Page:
- Types of Nose Reconstruction
- Functional Rhinoplasty
- Revision/Reconstructive Rhinoplasty
- Saddle Nose Deformity And Its Correction
- Septal Perforation or (hole in the septum)
- The Vasculitic Nose
- Forehead Flap Reconstruction
- The Cocaine Nose – Cocaine Nose Injury
- Minor (Nasal) Nose Reconstruction
- Moderate (Nasal) Nose Reconstruction
- Major (Nasal) Nose Reconstruction (partial nasal amputations or partial rhinectomy)
- Major Facial And (Nasal) Nose Reconstruction
- Prosthetic Rehab
- Revision Nose reconstruction / scar revision
- Rhinophyma Correction
- Nose Plastic Surgery (Cosmetic Rhinoplasty)
- What Happens When Things Don’t Go To Plan?
- Columella reconstruction
The Vasculitic Nose
We perform nose reconstruction following (nasal) nose collapse from vasculitis such as Wegener’s (Granulomatosis with Polyangiitis (GPA) or other rheumatological conditions.
The first important point to make is any intervention must be made in conjunction with your Consultant Rheumatologist. Surgical intervention is timed for a period of inactivity ‘remission’ or when the disease process has gone into long-term remission ‘burnt out’.
The vasculitis such as Wegener’s or otherwise known as Granulomatosis with Polyangiitis (GPA) causes an inflammation of the medium and small sized blood vessels. In the nose this causes inflammation in the muscosa. This results in a cycle of inflammation and healing with granulation (healing) tissue and that results in scarring. This process can be modified by the bacteria you contain within your nose amplifying this process.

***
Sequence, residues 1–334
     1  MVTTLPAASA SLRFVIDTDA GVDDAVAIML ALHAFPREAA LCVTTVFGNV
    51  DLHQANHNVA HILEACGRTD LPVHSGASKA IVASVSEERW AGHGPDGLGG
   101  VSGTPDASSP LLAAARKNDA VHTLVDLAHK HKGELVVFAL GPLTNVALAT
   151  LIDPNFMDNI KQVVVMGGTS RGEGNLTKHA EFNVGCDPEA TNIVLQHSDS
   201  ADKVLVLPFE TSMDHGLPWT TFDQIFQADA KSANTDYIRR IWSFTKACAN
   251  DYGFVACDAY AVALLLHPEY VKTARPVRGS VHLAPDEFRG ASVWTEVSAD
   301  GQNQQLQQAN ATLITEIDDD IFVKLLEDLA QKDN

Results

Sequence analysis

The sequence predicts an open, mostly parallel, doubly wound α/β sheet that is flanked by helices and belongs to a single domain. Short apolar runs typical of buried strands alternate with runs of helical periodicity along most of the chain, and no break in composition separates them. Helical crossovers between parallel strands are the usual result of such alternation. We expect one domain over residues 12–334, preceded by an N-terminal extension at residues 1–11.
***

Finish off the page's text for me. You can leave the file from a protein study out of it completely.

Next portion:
As this process continues there is often a stepwise progressive injury to the nose; mucosal bleeding, nasal stuffiness and crusting in the nose and occasionally nasal pain. These are all signs of disease activity and should initiate a medical review from your Rheumatologist. Endoscopic examination of your nose and blood test such as CRP, cANCA. PR3 MPO are useful in monitoring disease activity.
As the cycle of inflammation and healing continues the cartilage in the septum is weakened secondarily to the inflammatory process. This can lead to a septal perforation (hole). As this perforation (hole) enlarges it can in some instances cause weakening of the support of the middle portion of the nose and can result in a saddle nose deformity in your nose.
Nasal collapse from a vasculitic process which has produce a severe septal saddle nose deformity, reconstructed with rib cartilage in one operation.
If the septum is progressively damaged the saddle nose deformity worsens and the nose can become shortened and the tip of the nose rotates upwards.
With further damage from a cycle of inflammation and healing, the inner lining of the nose begins to shrink through scarring and further shortening of the nose occurs.
The end result is a shortened upturned nose with deficiencies in the inner lining of the nose and cartilage framework. Please note only a small proportion of vasculitic patients develop saddle nose deformity.
In a very small minority of patients this inflammation can extend full thickness (all three layers of the nose) and results in a hole (fistula) between the skin and the nose (nasal cavity). These patients will then have deficiencies in all three layers of the nose (skin, cartilage, lining).
The type of reconstruction will change depending on the severity of the deformity for correction of Saddle Nose Deformity to Moderate Nose Reconstruction to Major Facial And (Nasal) Nose Reconstruction. But these deformities can be repaired when the patient is in remission.
See our article for Vasculitis.org.uk